No matter what the temperature is outside, the ice will melt at Ted Reeve Arena this week and clear the floor for lacrosse.
It’s Canada’s summer sport, and on this side of town no one plays it better than the Toronto Beaches.
The Junior A team signs players from all over the city and Ontario. Some go on to play pro in the National Lacrosse League, others find lacrosse scholarships waiting at a US college or a Canadian university.
Merrick Thomson, the Beaches’ new head coach, did both. He set a league-topping 3.38 goals per game at the University of Albany, had two standout seasons on the Philadelphia Wings, even made Canada’s field team.
“It was amazing for me,” he said. “Everything you see on TV is pretty much the real deal.”
Thomson said playing in the NLL is a bonus, but not a living. It may be the fasting growing US sport, but salaries in pro lacrosse are still a world apart from pro baseball, and even hockey.
“The biggest thing is to get down to the NCAA, I believe, to play college lacrosse,” said Thomson, adding that more and more Canadians are finding lacrosse scholarships down south.
That’s great for players, but can be tough on Ontario’s Junior A league, the strongest talent pool in Canada.
This year, a full dozen players on the Toronto Beaches’ roster are still away finishing the NCAA season. It may be five or six games before Thomson has a full bench.
“Everyone’s dealing with it, and you just have to work through it,” he said.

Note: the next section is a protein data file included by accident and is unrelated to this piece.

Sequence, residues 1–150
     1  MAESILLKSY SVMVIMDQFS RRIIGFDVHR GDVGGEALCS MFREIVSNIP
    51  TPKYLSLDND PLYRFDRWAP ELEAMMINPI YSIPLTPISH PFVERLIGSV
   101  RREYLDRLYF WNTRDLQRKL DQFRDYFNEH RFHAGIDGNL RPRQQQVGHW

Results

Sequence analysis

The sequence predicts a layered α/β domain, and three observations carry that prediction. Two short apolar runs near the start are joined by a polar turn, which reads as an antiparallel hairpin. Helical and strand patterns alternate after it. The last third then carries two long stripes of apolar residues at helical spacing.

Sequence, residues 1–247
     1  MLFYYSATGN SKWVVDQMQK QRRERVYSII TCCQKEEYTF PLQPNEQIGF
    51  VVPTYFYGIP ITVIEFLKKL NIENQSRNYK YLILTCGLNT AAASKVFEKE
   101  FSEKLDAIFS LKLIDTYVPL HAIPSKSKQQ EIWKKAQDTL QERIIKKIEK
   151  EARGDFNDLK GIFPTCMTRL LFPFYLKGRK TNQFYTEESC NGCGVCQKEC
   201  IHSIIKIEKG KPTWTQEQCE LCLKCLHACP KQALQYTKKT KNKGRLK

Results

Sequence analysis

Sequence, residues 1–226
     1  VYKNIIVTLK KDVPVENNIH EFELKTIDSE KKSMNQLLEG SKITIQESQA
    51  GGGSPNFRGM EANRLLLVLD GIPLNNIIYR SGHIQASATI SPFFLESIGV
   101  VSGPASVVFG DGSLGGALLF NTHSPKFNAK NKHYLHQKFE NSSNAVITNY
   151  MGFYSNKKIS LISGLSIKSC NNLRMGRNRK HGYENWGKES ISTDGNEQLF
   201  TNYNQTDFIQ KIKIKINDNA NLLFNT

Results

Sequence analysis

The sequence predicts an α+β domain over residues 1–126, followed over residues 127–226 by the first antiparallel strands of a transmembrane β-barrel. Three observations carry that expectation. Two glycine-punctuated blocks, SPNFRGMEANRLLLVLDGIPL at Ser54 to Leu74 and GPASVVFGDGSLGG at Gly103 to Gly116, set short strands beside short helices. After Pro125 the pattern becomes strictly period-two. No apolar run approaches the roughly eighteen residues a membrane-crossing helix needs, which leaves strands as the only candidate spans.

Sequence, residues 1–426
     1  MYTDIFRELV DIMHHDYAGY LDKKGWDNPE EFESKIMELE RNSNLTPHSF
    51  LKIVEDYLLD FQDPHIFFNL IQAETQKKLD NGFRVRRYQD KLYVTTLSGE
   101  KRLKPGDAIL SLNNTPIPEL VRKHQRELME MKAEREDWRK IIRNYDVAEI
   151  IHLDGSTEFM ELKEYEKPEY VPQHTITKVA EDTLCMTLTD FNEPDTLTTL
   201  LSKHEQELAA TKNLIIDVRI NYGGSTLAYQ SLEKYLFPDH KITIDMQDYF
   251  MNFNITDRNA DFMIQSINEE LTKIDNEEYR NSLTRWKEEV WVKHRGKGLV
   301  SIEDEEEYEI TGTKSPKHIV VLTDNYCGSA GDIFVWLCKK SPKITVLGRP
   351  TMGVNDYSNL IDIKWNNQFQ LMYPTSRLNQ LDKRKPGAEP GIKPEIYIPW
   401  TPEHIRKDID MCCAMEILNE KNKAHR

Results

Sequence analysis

Last year, Thomson was assistant coach to Bruce Codd, the former Toronto Rock player who led the Beaches to just three points shy of a playoff spot.
As soon as the Beaches’ season kicks off May 9, Thomson said he will be leading the fight to close that gap.
“We want to bring more respect and pride back to this organization,” he said.
Top teams like Whitby, Orangeville and Six Nations are fed by strong minor leagues, where most players grow up splitting their sports year between hockey and lacrosse.
The Beach has a long lacrosse history, great fields at nearby Cherry Beach, and lots of potential in its minor teams, said Thomson.
“If we can just string together some Ws, some wins, I really think this place will come alive,” he said. “But that starts with us, and with me and how I get these guys ready.”
Thomson said he’s got lots of talent to worth with – the Beaches have a lot more depth because of recent draft picks, and serious young athletes who can play up-tempo all game.
Besides building on Codd’s efforts to make the Beaches playoff contenders, Thomson brings a hard-won lesson from his NLL years.
It was a concussion that forced Thomson to retire from the Wings and Team Canada. Head trauma is epidemic in sport, he said, and while people are learning more about it, Thomson said physical games like lacrosse and hockey will always carry risk.
“I think there are a lot less dirty hits, but kids are getting bigger, stronger, faster, and it’s small quarters. It’s going to happen.”
Thomson tells players to appreciate every practice, season game, and playoff game they play.
“The game is special, and it can give you a lot, but it can also be taken away from you,” he said. “You’ve got to make it count.”